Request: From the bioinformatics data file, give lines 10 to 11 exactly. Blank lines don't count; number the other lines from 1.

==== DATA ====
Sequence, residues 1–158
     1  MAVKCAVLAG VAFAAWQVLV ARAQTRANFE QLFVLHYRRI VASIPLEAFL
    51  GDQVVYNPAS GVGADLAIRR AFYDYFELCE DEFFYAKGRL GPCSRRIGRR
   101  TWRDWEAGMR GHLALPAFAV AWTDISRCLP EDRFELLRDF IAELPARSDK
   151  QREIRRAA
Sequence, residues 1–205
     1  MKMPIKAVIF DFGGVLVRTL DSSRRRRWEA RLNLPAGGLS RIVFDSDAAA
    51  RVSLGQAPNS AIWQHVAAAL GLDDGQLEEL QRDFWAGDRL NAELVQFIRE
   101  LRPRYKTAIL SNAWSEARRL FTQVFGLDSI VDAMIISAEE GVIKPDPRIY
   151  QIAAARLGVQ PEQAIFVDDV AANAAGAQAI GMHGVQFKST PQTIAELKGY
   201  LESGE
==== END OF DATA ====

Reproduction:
   151  QIAAARLGVQ PEQAIFVDDV AANAAGAQAI GMHGVQFKST PQTIAELKGY
   201  LESGE